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|Title:||DES modified protein-based materials and their use in pharmaceutical applications|
|Presented at:||University of Leicester|
|Abstract:||This study is the first to investigate the modification of proteins using deep eutectic solvents. The production of plastic materials with suitable properties could then lead to their use in biomedical or pharmaceutical applications. Three polypeptides were used, namely gelatin, zein and soy protein. All of them made plastics when mixed and pressed with the deep eutectic solvent, Glyceline, but all three had very different properties. The material made from gelatin showed variable properties which appeared to depend on how long the two components were mixed for. Conductivity measurements indicate the existence of a continuous phase which may be useful in later applications, particularly for the transdermal drug delivery systems. Composites of gelatin with pharmaceutical DESs (PDES) were then made for oral ingestion. Dissolution rates of three PDESs were measured from a gelatin matrix. When the ingredients were left to mix for an extended time before the pill was pressed, more API could be incorporated compared to tablets pressed straight away showing that the DES was slow to diffuse into the gelatin structure. Lastly, PDES modified gelatin was made into a patch for transdermal drug delivery. It was found that for the small number of compounds tested, drug delivery rates were much higher than those from comparable materials made with the same API in a solid form and not in a PDES. The rate of extraction of the PDES from the patch was dependent on the viscosity of the PDES as might be expected. In conclusion, this study has shown that proteins can be modified with DESs to produce mechanically strong materials with a significant content in an amorphous form. The DESs form pools of liquid within the structure and this can be used to release active pharmaceutical agents either through the stomach or across the skin barrier.|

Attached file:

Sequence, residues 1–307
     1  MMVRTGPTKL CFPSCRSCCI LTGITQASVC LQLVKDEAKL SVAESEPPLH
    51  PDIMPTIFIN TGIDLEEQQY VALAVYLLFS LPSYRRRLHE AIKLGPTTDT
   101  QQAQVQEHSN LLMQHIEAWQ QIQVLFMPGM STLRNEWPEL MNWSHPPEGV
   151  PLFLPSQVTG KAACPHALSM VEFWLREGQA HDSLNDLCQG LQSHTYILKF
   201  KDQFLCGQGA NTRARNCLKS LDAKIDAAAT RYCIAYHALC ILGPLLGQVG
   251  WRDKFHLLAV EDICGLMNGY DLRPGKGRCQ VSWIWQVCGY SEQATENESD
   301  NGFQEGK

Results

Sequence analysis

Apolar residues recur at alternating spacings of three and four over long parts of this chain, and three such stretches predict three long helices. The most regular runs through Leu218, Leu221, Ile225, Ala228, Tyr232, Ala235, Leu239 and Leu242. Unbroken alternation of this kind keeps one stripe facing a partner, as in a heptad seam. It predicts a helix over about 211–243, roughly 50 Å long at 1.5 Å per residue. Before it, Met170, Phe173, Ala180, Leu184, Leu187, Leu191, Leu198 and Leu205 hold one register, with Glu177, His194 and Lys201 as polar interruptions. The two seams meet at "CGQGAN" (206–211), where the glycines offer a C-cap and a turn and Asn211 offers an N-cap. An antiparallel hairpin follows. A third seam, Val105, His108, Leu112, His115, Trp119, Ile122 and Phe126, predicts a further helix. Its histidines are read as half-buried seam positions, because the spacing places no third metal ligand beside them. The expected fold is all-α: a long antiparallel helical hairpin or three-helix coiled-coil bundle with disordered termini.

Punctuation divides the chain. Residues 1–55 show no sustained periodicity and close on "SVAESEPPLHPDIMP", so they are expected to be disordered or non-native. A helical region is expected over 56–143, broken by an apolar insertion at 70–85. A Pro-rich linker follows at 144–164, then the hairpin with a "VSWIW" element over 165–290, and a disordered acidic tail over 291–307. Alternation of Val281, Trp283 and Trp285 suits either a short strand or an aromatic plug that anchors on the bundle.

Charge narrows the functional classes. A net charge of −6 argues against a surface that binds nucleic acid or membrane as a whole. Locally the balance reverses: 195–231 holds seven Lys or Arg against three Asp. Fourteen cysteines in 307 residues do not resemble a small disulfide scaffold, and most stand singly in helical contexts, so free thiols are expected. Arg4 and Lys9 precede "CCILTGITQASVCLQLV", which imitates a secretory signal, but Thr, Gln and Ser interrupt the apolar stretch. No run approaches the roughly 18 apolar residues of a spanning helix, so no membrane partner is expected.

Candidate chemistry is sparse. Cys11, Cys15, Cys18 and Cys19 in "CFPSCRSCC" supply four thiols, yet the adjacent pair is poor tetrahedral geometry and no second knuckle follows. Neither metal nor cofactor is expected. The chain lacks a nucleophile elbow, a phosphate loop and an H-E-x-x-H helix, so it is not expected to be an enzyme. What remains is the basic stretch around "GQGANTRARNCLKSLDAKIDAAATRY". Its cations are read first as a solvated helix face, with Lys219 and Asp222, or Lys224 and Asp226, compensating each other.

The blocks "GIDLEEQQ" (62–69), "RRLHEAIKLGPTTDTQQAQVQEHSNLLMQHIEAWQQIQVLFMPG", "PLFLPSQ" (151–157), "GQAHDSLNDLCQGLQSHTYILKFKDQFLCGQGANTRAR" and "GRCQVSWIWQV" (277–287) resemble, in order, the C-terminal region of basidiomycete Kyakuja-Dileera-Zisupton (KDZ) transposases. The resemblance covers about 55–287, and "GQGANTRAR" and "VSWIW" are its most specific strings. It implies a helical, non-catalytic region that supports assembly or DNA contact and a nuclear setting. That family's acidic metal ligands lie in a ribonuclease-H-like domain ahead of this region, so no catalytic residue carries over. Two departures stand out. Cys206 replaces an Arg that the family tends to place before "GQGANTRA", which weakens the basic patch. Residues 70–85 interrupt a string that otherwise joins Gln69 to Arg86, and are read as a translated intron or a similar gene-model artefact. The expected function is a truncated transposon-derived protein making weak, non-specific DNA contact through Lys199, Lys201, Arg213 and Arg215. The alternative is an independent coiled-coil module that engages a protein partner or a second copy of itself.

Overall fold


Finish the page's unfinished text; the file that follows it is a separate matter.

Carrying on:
|Rights:||Copyright © the author. All rights reserved.|
|Appears in Collections:||Leicester Theses|
Theses, Dept. of Chemistry
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